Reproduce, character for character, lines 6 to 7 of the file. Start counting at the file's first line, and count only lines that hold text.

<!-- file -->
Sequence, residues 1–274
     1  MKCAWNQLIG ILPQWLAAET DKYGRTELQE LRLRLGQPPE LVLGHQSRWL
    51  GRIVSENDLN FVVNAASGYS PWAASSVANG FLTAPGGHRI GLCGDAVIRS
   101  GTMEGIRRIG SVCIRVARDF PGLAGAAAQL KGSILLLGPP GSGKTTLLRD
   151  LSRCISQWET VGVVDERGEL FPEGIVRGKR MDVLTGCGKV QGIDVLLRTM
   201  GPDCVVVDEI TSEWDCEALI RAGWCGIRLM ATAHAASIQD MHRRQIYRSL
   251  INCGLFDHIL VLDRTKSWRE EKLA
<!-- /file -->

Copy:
   201  GPDCVVVDEI TSEWDCEALI RAGWCGIRLM ATAHAASIQD MHRRQIYRSL
   251  INCGLFDHIL VLDRTKSWRE EKLA